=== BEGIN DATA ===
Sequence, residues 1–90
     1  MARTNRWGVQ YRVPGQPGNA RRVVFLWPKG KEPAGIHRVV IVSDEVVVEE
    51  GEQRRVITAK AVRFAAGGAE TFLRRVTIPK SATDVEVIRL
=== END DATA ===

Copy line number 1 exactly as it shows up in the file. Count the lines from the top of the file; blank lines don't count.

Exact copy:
Sequence, residues 1–90